Cam Hadden is the 2019 ME Teacher of the Year

Cameron Hadden
Cameron Hadden

At the Senior Recognition Banquet and Order of the Engineer Ceremony on Tuesday, April 23, 2019, the ME Student Advisory Committee (MESAC) chair and co-chair announced the Mechanical Engineering Teacher of the Year finalists and winner. The selection is made by mechanical engineering students second year through senior year and run by the MESAC.

The three finalists were Cam Hadden, Aneet Narendranath and Paul Van Susante and the overall winner was Cam Hadden. His name will be on the plaque in the lobby of the R.L. Smith Building (MEEM).

By Mechanical Engineering – Engineering Mechanics.


Enterprise Teams Take Vehicles to School

Formula SAEMembers of Michigan Tech’s Enterprise competition teams in Formula I, Supermileage, Baja and Clean Snowmobile will visit with eighth-grade students at Houghton Middle School on April 26, 2019.

The eighth graders have been engaged in four-week long STEM projects led by Michigan Tech students and their instructors. These projects have immersed the middle school students in the engineering and testing of fuel cell automobiles. The project incorporates many science standards and practices. Today’s visit by the Enterprise teams, along with their vehicles, is the culmination of these projects.

The vehicles will be on display outside the Houghton Middle School from 10 a.m. to 2:30 p.m. In addition, there will be demonstrations.

By Sarah Geborkoff.

Tech Enterprise students teach hands-on engineering to middle school students

Friday, the Tech students brought vehicles from the Clean Snowmobile Challenge, Baja and Formula Enterprise teams to explain the competitions to students.

Eighth-grader Katy Fay said the Tech students had been helpful in the projects, and in teaching the components of cars and fuel cells.

“I had no idea what it was,” Fay said of the fuel cell. “It looked just like a box. Now I know what it is, and how it actually can power things.”

Fay, who is considering becoming an engineer, said after some tinkering, her team had gotten its vehicle to travel far.

“It started pretty rocky, but we got it together,” she said.

Tech mechanical engineering student Patrick Gilland, who oversaw the outreach, said students performed well.

Read more at the Mining Gazette, by Garrett Neese.


Aerospace Enterprise Prepares for Launch of Satellite

OculusThe students in the Aerospace Enterprise and their faculty advisor, L. Brad King (ME-EM), are preparing to launch their Oculus satellite, which was designed and built by students.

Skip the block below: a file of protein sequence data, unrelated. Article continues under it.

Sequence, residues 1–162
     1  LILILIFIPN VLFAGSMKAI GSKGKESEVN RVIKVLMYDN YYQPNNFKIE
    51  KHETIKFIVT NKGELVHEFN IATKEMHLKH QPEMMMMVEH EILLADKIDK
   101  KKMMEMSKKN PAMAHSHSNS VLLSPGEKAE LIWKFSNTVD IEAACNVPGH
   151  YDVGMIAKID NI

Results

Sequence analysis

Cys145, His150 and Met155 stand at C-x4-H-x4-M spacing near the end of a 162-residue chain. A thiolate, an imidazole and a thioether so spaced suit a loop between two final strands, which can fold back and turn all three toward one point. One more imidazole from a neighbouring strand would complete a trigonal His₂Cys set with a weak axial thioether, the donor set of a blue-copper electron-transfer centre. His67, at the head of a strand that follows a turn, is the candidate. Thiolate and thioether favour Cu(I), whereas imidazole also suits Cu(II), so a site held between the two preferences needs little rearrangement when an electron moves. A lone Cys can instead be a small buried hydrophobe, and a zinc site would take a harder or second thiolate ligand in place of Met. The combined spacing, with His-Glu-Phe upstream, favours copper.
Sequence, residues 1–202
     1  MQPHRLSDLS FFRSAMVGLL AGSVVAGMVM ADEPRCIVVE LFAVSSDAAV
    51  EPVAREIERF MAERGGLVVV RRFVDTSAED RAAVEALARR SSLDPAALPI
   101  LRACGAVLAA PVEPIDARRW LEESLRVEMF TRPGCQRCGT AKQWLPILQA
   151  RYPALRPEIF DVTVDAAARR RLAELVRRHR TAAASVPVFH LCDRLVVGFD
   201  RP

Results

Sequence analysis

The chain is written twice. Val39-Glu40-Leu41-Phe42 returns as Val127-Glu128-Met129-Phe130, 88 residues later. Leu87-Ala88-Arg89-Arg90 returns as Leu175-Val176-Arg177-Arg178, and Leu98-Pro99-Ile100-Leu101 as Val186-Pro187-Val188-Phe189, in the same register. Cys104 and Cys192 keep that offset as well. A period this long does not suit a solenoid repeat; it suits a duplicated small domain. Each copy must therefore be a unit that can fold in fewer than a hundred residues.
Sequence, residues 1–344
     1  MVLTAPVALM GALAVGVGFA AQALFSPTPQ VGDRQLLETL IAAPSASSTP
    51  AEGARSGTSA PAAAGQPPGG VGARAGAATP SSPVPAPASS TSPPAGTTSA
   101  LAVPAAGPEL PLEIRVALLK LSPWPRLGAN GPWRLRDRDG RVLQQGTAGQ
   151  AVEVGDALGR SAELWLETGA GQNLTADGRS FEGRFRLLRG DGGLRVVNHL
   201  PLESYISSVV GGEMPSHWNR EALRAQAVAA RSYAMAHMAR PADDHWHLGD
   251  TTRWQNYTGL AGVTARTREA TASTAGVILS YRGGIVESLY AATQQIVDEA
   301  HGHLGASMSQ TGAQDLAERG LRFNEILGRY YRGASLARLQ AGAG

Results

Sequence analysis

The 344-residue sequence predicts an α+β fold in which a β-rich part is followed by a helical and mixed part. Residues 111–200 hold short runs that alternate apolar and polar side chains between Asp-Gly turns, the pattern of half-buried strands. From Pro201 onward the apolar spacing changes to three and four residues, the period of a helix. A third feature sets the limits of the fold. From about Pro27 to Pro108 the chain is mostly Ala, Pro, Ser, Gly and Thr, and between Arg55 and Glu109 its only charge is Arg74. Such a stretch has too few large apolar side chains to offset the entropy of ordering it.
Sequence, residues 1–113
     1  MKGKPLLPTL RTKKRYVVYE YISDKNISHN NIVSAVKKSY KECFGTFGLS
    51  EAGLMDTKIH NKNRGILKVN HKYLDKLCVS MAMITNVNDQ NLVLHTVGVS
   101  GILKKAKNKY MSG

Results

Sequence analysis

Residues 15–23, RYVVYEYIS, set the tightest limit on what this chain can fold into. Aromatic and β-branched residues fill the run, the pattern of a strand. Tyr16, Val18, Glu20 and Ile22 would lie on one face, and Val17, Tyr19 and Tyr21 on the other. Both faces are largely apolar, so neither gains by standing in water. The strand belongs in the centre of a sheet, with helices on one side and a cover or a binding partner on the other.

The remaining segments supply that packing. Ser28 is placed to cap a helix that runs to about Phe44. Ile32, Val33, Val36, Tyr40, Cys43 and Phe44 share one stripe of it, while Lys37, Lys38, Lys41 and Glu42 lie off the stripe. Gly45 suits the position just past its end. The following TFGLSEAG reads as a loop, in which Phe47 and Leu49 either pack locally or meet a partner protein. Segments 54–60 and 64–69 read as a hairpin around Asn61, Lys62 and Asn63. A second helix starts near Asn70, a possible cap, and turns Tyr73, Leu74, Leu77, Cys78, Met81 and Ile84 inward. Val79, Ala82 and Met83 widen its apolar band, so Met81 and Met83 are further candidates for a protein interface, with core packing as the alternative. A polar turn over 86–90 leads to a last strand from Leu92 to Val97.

Mechanical Engineering-Engineering Mechanics Department Chair William Predebon said, “This is an exciting time for our students, and Michigan Tech. The students worked on it for several years to get it ready for launch. Current students in the Aerospace Enterprise will be receiving data from outer space from Oculus during its mission in lower Earth orbit. Oculus will be in space for about 9 months and the launch is set for June (2019).”

According to SpaceX, Oculus will be the first small satellite ever deployed from the Falcon Heavy. The launch information is available on SpaceX’s website. If you scroll down to “The Mission” you will see a title bar below it with Oculus listed.

By Aerospace Enterprise.


Passing the Torch: Engineering Ambassadors Visit Local Schools

Barkell Elementary signSure signs of spring in the Copper Country are robins returning, ice leaving and Michigan Tech’s Engineering Ambassadors (AE) inspiring students.

For the eighth year, the engineering students that make up EA will visit local elementary and middle schools to create excitement for engineering disciplines through programs and hands-on activities designed for students in third through tenth grades.

Nancy Barr, professor of practice in engineering communications, said the Ambassadors present a 10-minute talk on a science or engineering topic to a classroom. Following the talk, the EAs engage students in a fun, 30-minute activity designed to reinforce the concepts presented in the talk. Each talk and accompanying activity are geared toward a particular age.

“The objective is twofold,” Barr said. “It helps our students develop confidence in their presentation skills and it gets younger students thinking about science and engineering as a possible career path.”

Barr said a unique aspect of the program is that it gives the college students an opportunity to share their own experiences with local school children. “We encourage our EAs to talk about why they chose engineering as a major, what cool projects they’ve had and where they plan to work after graduation. We try to recruit from across the College of Engineering, but the majority of students come from ME-EM.”